The program core is a firm grounding in anthropological social and cultural theory, qualitative and quantitative methodology, and policy development and analysis. Students engage in methodological and specialized courses tailored to their specific environmental interests at the local, national, or international scale.
Students may enter the program with a Bachelor’s or Master’s degree in Anthropology, Biology, Climate Change, Economics, Marine Sciences, Forestry, or any other related field. All students take the Core Curriculum courses in Cross-Cultural Human Dimensions, with the remaining curriculum individually tailored depending on each student’s background, environmental focus area, and national or international environmental policy interest. Courses in policy and basic methodology will be dependent on courses students have taken previously.
Graduate Teaching Assistantships and Work Study positions are available on a competitive basis for qualified students.
James Acheson, Ph.D. (University of Rochester, 1970), Research Professor of Anthropology and Marine Sciences; Cooperating Professor in the School of Policy and International Affairs. Cultural anthropology, marine policy.
Christine Beitl, Ph.D. (University of Georgia, 2012), Coordinator, Assistant Professor of Anthropology; Sustainability science, coastal and maritime anthropology, economic anthropology, environmental anthropology, political ecology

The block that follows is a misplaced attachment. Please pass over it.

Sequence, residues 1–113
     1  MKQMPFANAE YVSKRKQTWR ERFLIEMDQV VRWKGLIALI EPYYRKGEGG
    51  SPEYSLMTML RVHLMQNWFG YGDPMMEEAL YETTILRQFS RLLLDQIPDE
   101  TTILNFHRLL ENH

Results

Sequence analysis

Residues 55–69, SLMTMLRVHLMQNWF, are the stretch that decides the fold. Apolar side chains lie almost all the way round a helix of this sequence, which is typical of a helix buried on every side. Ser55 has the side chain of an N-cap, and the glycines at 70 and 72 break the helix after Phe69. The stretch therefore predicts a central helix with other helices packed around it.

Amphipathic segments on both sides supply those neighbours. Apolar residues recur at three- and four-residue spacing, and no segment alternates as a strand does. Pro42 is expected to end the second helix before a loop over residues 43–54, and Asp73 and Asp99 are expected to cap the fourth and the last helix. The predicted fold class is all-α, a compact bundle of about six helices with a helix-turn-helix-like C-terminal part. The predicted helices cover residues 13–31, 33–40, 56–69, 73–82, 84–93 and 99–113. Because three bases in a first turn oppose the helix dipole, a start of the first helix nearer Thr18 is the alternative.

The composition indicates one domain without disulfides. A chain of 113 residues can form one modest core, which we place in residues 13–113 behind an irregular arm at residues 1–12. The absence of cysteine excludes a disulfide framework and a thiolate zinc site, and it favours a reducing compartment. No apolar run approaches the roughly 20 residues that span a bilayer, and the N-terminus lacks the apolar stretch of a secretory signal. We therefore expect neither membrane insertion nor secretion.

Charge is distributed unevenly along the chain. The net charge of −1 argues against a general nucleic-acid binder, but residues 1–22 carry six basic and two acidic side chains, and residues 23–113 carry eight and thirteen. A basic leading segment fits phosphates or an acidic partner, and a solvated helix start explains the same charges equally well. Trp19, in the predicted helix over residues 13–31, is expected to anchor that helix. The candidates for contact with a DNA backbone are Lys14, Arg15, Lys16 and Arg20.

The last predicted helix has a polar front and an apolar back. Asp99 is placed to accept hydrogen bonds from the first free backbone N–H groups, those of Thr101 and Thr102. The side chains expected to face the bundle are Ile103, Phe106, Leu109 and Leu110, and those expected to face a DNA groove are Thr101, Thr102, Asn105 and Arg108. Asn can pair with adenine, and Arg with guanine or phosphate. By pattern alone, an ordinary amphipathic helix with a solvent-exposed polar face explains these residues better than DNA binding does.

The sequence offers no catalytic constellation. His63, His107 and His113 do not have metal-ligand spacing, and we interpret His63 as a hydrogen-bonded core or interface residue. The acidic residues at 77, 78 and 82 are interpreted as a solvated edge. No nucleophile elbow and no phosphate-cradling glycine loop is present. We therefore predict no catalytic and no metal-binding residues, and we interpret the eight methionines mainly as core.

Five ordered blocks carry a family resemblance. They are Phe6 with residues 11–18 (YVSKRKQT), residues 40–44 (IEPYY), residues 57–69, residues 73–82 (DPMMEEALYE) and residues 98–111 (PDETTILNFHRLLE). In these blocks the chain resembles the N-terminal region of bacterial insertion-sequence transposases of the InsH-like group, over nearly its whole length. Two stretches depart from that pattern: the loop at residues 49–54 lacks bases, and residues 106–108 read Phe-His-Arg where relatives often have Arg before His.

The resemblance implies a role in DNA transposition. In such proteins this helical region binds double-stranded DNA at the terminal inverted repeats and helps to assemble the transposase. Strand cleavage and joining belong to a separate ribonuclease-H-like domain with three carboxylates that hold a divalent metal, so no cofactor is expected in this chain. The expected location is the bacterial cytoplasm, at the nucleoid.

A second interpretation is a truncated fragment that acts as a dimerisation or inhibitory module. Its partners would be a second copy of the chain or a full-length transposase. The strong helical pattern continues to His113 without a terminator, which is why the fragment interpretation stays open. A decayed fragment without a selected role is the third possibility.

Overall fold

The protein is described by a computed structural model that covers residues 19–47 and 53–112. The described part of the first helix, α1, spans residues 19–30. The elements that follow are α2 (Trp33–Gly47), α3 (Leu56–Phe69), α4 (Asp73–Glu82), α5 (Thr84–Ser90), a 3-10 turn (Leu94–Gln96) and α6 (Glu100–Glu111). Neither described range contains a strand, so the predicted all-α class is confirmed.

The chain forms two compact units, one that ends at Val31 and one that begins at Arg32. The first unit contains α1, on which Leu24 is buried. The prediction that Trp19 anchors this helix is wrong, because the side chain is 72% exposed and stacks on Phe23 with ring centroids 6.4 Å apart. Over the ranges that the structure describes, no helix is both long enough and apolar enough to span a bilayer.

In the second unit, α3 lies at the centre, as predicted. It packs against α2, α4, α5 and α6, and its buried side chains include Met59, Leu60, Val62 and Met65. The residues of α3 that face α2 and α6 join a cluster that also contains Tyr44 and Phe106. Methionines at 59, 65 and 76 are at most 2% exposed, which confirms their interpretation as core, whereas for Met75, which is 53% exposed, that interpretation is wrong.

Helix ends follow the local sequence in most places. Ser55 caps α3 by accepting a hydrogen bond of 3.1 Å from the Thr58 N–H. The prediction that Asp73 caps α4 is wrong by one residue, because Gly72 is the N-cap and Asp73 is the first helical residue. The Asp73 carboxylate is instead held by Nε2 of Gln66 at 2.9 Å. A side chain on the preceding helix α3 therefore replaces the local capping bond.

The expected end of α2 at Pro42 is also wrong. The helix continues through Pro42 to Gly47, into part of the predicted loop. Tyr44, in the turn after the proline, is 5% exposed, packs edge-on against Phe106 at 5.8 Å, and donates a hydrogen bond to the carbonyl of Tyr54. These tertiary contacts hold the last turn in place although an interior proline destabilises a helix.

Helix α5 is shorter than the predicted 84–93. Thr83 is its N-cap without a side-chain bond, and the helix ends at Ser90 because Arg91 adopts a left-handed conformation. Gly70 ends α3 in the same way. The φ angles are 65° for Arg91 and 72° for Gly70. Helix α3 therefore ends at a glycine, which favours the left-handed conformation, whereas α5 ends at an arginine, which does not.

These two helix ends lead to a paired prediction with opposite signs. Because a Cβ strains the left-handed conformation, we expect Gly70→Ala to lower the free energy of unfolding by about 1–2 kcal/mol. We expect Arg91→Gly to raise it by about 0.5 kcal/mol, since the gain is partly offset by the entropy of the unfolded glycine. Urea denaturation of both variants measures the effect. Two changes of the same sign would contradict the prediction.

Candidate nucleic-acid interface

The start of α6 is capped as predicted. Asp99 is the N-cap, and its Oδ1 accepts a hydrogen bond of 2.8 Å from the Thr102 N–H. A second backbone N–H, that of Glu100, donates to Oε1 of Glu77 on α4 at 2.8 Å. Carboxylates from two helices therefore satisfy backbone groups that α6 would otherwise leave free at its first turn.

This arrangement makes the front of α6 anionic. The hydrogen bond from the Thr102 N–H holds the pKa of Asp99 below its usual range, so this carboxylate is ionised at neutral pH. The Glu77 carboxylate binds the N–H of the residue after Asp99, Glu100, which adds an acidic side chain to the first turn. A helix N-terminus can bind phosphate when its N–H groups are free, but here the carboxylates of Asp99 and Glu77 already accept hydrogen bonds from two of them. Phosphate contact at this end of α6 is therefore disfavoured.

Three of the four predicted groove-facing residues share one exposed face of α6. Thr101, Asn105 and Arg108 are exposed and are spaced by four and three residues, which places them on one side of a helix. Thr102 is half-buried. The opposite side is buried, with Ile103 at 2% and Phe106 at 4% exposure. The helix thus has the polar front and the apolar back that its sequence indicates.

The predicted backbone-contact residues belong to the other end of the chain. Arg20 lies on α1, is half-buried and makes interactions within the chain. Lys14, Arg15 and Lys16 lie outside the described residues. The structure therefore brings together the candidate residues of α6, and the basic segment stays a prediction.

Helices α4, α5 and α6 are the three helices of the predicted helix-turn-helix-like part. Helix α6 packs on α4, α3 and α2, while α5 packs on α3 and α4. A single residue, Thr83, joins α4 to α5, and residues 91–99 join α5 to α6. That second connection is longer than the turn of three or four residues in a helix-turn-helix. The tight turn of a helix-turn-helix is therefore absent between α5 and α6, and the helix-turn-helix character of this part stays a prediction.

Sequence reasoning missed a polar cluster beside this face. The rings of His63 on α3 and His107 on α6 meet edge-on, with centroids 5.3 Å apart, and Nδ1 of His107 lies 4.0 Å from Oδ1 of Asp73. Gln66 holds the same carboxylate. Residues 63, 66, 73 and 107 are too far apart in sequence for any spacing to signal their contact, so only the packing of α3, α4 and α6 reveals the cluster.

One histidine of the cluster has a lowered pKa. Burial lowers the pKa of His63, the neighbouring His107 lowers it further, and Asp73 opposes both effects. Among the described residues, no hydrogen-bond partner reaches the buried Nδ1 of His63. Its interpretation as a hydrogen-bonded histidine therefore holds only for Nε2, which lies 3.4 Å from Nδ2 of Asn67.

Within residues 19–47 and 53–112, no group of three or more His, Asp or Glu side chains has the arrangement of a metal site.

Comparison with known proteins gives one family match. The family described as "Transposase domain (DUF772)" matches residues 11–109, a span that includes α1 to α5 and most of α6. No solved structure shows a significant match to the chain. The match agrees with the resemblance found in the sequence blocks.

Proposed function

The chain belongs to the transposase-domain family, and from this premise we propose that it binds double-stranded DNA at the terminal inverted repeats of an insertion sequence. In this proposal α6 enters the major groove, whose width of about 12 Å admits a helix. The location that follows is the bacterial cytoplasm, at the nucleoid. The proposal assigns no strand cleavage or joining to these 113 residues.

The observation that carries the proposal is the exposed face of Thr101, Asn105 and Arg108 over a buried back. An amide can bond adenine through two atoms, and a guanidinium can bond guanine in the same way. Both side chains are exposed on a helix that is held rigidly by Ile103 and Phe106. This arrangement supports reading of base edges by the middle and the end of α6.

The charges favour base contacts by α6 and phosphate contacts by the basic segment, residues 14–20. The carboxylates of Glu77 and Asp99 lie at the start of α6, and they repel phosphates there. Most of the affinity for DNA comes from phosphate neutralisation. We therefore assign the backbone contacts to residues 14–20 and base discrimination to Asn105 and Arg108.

Aram Calhoun, Ph.D. (University of Maine, 1996), Professor of Wetland Ecology. Wetland ecology and conservation, field studies in ecology, environmental solutions.
John Daigle, Ph.D. (University of Massachusetts, 1997), Associate Professor of Forest Recreation Management. Recreation planning and management, social research methods for natural resource professionals, human dimensions of natural resources management.
Samuel P. Hanes, Ph.D. (Rutgers University, 2008) Assistant Professor of Anthropology. Historical geography, human ecology, agriculture, aquaculture, natural resource management.